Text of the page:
Husband and I have been watching “Alone” on the Discovery Channel. The first two seasons were on Vancouver Island in Canada. We are now watching contestants in Patagonia, the southernmost point of South America.
In case you aren’t familiar with it, the show’s premise is this:
There are 10 contestants, all chosen because they have wilderness skills. Each one can take 10 personal items with them, plus a life jacket, one picture of their loved one(s) and video equipment.
I’ve watched enough episodes to know they better also have a cooking pot, fire starter, and a really-sharp cutting tool if they are to survive.
Each person is taken to a remote wilderness area and left there. Alone. The person who lasts the longest wins $500,000. Even if you are the first runner-up, you don’t win any money.
Initially, each one builds a sustainable hut of some kind, finds a source of fresh water and ignites a fire. The people who stay the longest also make other conveniences: chairs, cutlery, trotline for catching fish and comfortable beds. It appears to me that all of them find a long stick and mark it with tallies to note how long they’ve been there.
Gathering firewood and harvesting food are never-ending chores. Sometimes life enrichment activities fill the time. One guy made a bowling alley and a fantasy football field. Two men made canoes. The woman from Lopez Island made a sauna.
At first, there is gratitude for this amazing opportunity. The survivalists think they’d like some alone time until they actually have lots of it. In complete solitude, the demons of their past failures come to the surface. They weep. They scream. They feel change occurring, but can’t quite name it and aren’t sure they really want it.
Watching contestants tap out, I’ve identified five causes.
The first people to push the button and summons a removal team are those who succumb to fear. The dense underbrush creates eerie music in the night. Add black bears, Puma’s, and wild boar; sleeping alone under a thin tarp is terrifying.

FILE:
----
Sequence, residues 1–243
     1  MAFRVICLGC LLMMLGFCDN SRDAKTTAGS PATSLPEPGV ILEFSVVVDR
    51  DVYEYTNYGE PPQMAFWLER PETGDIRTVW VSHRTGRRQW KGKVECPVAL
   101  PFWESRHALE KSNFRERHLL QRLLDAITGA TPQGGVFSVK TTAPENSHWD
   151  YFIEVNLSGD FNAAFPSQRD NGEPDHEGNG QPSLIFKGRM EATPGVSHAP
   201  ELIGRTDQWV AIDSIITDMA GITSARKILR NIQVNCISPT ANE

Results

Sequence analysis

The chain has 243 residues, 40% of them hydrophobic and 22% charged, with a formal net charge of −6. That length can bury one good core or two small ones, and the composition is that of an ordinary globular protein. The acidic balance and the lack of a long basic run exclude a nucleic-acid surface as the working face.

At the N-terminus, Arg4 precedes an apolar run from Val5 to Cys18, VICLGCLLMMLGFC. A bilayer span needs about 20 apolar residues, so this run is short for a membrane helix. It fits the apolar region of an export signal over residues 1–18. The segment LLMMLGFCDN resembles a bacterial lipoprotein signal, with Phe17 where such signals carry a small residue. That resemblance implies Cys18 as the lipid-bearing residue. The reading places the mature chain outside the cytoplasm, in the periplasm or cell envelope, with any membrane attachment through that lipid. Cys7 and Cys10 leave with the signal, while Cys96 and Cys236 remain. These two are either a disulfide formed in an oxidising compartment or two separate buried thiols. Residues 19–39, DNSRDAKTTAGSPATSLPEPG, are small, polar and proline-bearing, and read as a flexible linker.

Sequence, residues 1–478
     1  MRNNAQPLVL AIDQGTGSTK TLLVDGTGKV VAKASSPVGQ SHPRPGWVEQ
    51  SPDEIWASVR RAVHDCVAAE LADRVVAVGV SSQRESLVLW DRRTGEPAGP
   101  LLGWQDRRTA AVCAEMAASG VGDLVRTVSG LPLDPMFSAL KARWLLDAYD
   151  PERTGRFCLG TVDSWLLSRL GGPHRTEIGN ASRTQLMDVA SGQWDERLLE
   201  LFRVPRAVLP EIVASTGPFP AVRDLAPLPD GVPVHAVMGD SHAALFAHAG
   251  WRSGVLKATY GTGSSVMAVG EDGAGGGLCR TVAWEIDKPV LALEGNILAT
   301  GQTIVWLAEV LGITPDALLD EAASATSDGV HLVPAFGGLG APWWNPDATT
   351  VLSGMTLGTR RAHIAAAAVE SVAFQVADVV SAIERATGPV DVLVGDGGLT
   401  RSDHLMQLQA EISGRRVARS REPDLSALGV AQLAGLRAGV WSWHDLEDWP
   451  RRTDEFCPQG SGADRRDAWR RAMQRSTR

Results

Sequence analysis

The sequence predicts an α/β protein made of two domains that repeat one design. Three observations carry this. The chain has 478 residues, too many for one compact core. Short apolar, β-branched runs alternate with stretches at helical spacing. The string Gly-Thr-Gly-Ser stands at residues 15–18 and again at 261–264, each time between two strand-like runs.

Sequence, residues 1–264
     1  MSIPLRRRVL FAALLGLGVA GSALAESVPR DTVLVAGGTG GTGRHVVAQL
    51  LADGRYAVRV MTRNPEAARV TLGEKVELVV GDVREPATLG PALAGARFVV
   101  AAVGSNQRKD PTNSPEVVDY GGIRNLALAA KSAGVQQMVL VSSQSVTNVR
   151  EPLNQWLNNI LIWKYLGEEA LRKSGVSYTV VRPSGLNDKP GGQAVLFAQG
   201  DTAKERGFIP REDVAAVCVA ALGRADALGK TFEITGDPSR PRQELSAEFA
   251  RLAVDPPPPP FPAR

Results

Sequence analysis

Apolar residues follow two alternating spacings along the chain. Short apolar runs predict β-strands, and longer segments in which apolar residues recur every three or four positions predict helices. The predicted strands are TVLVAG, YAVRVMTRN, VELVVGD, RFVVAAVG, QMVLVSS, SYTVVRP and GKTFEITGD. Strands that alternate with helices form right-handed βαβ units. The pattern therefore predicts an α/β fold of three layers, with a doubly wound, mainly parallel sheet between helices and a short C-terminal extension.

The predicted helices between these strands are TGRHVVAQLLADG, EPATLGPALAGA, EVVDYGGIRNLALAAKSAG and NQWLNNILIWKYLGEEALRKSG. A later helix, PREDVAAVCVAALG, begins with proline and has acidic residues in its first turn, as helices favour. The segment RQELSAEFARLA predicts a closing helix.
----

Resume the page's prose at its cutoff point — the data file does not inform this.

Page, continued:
The second group exits because they experience a catastrophic “moron moment:” falls, deep cuts, and nearly-drowning in frigid water.
The third cause of tapping out is boredom. After setting up a camp that can be sustained, there isn’t much left to do.
This is when I start talking to the television. “Catch more fish and smoke them in case the weather gets really bad in the future.” “Firewood! You are going to need more.” “Carve, whittle, create something that engages your problem-solving skills and imagination.”
They can’t hear me; they never take my advice.
Fourth, extreme homesickness fills the empty places that appear in isolation. Anyone who stays longer than six weeks realizes the importance of family. Spouses and children—once taken for granted—become priceless treasures when you are completely alone. Money cannot compete with relationship. This experience always heightens the awareness that those they love are more precious than they ever knew.
Slowly, the combination of starvation, suffering, and mental despair whittles each man and woman down to a shadow of the person they were on arrival. One by one they leave, until only one remains.
Why are husband and I watching this series? Because it is easy to forget that our closest family members are precious gifts from God when we are forced into isolation. He designed us to be in relationship with one another. We are not randomly assembled.
If we take our loved ones for granted we deny the absolute proof that God really loves us.
Sylvia Peterson is a former co-pastor for Bald Hill Community Church and an author. She and her husband are chaplains for the Bald Hills Fire Department. You can email her at firstname.lastname@example.org. She is the author of the new book, "The Red Door: Where Hurt and Holiness Collide," which can be purchased at Amazon or Barnes & Noble.